WTI Crude Oil Slides Lower as Supply Disruption Fears Ease
Arslan Butt • 1 min read
WTI crude oil is starting the fresh trading week on a bearish note, continuing to decline since the previous session as oil companies in the Gulf of Mexico restarted production after Hurricane Delta even as the workers’ strike in Norway also got called off. At the time of writing, WTI crude oil is trading at around $40.14 per barrel.
Hurricane Delta had created the biggest disruption in US oil production in 15 years but got downgraded to a post-tropical cyclone by Sunday, allowing companies in the region to resume operations. Meanwhile, oil companies in Norway successfully negotiation a wage bargain with labor union officials, serving to end the strike which had threatened to curtail the country’s oil and gas production by nearly 25%.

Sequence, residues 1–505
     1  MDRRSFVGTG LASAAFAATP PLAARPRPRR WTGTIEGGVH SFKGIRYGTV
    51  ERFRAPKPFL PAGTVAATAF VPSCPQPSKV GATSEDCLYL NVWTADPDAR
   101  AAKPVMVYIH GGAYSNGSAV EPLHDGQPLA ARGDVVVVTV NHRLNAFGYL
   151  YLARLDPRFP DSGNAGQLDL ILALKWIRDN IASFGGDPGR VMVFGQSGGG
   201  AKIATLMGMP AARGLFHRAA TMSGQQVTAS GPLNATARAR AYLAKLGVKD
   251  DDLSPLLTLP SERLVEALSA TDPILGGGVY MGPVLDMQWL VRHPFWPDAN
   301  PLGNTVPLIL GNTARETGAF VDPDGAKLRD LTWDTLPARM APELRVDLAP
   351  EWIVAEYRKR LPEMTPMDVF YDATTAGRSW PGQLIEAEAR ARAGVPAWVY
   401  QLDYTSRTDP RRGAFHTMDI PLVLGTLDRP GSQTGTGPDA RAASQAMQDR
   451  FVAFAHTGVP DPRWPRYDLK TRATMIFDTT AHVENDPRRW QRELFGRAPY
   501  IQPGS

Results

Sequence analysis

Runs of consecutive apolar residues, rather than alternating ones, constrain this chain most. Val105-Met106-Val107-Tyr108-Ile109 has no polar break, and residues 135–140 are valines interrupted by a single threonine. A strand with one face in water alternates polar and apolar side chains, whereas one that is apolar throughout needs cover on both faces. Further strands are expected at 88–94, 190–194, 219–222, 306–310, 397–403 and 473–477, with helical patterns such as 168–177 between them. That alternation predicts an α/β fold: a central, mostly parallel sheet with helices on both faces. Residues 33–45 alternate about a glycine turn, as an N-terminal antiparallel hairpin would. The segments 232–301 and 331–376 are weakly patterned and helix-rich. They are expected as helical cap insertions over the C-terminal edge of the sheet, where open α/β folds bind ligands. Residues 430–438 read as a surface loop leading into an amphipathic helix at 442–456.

Over the past week, WTI oil had gained more than 9% as a result of supply concerns due to the hurricane and the strike, but with those factors no longer offering support, oil traders have resumed their focus on weak demand fears. As a result, crude oil prices have started sliding lower once again, with the spotlight returning on the coronavirus pandemic and its impact on the global economy and oil demand.
Going forward, analysts expect oil prices to receive temporary support intermittently from more storms forming in the Gulf of Mexico region as the hurricane season gets underway. However, oil prices are unlikely to register strong gains unless economic activity picks up and the number of coronavirus cases eases.